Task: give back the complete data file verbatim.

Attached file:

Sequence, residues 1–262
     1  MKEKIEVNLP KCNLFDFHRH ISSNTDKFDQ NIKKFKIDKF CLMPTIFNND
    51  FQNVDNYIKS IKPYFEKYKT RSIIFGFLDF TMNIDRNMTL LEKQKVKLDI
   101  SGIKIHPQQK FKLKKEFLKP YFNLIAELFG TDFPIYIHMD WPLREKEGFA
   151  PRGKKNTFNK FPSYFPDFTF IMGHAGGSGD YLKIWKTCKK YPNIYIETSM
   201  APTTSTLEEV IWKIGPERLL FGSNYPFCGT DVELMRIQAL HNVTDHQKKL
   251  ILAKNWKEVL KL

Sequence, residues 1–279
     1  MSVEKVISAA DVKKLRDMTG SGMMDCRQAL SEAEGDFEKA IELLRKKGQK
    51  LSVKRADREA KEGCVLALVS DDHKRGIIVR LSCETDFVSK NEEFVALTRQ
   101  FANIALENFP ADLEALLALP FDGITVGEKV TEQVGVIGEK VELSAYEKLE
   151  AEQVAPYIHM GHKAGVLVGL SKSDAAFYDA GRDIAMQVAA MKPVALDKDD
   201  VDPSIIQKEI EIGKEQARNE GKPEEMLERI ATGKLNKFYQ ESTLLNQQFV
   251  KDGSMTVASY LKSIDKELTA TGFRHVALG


Sequence, residues 1–262
     1  MKEKIEVNLP KCNLFDFHRH ISSNTDKFDQ NIKKFKIDKF CLMPTIFNND
    51  FQNVDNYIKS IKPYFEKYKT RSIIFGFLDF TMNIDRNMTL LEKQKVKLDI
   101  SGIKIHPQQK FKLKKEFLKP YFNLIAELFG TDFPIYIHMD WPLREKEGFA
   151  PRGKKNTFNK FPSYFPDFTF IMGHAGGSGD YLKIWKTCKK YPNIYIETSM
   201  APTTSTLEEV IWKIGPERLL FGSNYPFCGT DVELMRIQAL HNVTDHQKKL
   251  ILAKNWKEVL KL

Sequence, residues 1–279
     1  MSVEKVISAA DVKKLRDMTG SGMMDCRQAL SEAEGDFEKA IELLRKKGQK
    51  LSVKRADREA KEGCVLALVS DDHKRGIIVR LSCETDFVSK NEEFVALTRQ
   101  FANIALENFP ADLEALLALP FDGITVGEKV TEQVGVIGEK VELSAYEKLE
   151  AEQVAPYIHM GHKAGVLVGL SKSDAAFYDA GRDIAMQVAA MKPVALDKDD
   201  VDPSIIQKEI EIGKEQARNE GKPEEMLERI ATGKLNKFYQ ESTLLNQQFV
   251  KDGSMTVASY LKSIDKELTA TGFRHVALG